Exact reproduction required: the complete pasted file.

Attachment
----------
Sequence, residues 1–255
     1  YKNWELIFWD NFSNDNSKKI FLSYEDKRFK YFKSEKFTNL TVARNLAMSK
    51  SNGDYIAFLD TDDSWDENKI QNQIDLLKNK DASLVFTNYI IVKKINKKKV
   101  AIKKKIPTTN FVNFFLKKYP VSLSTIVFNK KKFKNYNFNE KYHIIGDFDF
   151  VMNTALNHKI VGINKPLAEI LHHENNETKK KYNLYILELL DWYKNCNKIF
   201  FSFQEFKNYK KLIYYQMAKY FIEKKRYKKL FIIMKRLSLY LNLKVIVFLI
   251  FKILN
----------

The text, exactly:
Sequence, residues 1–255
     1  YKNWELIFWD NFSNDNSKKI FLSYEDKRFK YFKSEKFTNL TVARNLAMSK
    51  SNGDYIAFLD TDDSWDENKI QNQIDLLKNK DASLVFTNYI IVKKINKKKV
   101  AIKKKIPTTN FVNFFLKKYP VSLSTIVFNK KKFKNYNFNE KYHIIGDFDF
   151  VMNTALNHKI VGINKPLAEI LHHENNETKK KYNLYILELL DWYKNCNKIF
   201  FSFQEFKNYK KLIYYQMAKY FIEKKRYKKL FIIMKRLSLY LNLKVIVFLI
   251  FKILN